It’s taxi time

The STS-135 mission to be flown by Space Shuttle Atlantis later this year will bring down the curtain on the 30-year shuttle program. After this final flight, the United States will have to do without a spacecraft fleet of its own for a number of years. Until NASA decides where it stands on further manned space activities, the International Space Station will remain the only such program running. By retiring the Shuttles the Americans will be unable to independently transport crews and cargo to the Station, and will have to rely for this capability on their ISS partners. Russian Progress ships will shoulder the main burden of resupplying the Station, because the European Space Agency’s ATV Automated Transfer Vehicle and its Japanese equivalent HTV have so far been launched but once a year.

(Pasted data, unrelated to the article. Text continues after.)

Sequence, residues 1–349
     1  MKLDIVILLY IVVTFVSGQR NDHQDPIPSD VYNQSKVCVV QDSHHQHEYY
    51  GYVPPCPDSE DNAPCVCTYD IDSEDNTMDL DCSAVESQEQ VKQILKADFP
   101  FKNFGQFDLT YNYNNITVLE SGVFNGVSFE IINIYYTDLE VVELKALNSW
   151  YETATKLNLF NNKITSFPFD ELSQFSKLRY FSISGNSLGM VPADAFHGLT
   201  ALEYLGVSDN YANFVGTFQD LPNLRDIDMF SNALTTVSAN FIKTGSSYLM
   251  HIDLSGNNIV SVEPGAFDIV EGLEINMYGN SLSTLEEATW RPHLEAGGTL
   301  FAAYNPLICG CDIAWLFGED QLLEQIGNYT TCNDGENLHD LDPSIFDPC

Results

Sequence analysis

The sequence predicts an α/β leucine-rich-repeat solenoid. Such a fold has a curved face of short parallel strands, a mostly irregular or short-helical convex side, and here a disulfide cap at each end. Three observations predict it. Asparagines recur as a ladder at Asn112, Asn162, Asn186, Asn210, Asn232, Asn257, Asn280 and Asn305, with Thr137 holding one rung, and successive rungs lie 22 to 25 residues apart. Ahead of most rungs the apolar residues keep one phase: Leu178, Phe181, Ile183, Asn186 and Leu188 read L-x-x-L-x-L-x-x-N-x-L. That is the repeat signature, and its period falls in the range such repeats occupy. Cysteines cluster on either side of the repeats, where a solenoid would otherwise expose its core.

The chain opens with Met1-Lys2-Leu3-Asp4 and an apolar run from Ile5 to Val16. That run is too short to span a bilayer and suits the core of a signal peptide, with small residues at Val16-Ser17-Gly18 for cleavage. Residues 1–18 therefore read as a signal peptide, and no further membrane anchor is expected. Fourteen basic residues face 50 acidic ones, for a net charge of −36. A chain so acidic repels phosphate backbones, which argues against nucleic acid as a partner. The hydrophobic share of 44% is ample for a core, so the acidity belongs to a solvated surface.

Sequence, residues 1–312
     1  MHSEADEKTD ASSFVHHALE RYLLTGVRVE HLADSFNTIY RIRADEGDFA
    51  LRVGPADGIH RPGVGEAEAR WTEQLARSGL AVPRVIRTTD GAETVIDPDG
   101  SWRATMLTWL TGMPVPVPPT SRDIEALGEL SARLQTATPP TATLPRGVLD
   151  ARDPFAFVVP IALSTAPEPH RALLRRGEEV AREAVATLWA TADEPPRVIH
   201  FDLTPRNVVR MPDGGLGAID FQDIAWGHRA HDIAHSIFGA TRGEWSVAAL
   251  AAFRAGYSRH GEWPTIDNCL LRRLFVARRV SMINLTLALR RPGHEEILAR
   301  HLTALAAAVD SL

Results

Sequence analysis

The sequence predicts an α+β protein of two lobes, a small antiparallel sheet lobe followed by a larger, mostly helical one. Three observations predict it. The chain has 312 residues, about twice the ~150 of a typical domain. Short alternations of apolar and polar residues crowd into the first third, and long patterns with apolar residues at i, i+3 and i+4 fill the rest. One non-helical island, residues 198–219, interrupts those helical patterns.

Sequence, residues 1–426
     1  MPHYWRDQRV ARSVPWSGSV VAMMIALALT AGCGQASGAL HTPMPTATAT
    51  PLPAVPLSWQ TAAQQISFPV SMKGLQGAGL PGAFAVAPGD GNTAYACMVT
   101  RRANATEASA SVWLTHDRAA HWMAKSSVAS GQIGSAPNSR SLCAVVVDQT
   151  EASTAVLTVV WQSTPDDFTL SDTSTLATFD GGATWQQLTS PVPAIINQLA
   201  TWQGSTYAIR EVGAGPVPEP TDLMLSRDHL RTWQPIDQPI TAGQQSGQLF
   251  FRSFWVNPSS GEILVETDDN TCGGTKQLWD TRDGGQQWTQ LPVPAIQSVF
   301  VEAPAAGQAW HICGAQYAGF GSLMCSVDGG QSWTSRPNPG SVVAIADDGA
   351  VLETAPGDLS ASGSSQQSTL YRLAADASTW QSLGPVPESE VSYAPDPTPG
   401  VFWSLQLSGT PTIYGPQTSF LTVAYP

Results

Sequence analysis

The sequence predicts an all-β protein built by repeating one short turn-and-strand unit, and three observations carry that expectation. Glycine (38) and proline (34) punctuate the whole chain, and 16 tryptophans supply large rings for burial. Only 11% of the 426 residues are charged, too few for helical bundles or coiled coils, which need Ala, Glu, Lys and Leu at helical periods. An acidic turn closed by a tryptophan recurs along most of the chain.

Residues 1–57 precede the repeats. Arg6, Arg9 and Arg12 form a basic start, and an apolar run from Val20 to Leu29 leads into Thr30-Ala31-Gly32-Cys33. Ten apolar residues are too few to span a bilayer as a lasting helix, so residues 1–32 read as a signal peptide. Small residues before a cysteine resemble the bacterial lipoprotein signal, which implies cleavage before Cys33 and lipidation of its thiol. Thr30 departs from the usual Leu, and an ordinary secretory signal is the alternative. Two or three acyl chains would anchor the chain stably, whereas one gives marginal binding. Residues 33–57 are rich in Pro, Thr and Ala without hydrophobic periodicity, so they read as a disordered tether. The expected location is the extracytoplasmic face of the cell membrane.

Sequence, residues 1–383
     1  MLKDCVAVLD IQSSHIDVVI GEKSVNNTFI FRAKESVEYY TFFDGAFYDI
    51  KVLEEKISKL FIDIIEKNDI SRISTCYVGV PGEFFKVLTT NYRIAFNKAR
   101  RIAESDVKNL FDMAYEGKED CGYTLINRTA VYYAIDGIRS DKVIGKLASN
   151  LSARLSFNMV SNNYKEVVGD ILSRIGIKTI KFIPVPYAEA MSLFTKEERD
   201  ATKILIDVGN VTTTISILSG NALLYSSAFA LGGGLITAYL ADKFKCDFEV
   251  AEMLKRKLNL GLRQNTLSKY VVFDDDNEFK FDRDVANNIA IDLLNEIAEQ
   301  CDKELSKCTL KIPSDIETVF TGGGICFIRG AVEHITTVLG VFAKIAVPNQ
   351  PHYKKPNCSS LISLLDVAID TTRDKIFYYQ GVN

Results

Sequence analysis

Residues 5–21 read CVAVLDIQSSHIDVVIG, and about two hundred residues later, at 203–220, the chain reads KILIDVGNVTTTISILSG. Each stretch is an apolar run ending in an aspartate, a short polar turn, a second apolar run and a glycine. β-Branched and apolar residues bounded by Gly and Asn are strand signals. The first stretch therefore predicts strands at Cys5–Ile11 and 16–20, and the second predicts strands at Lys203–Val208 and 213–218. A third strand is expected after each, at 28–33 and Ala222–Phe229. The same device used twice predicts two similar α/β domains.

On the one hand, the Western partners consider their respective ISS segments to be largely completed; as for the routine tasks of keeping the Station in food, fuel and other supplies, these are not going to be compromised by the retirement of the shuttle. Prior to the final flight of Atlantis the ISS orbit will be raised to 400 km to compensate for drag. In the future Progress and ATV resupply craft will be using their engines to raise the ISS orbit as required.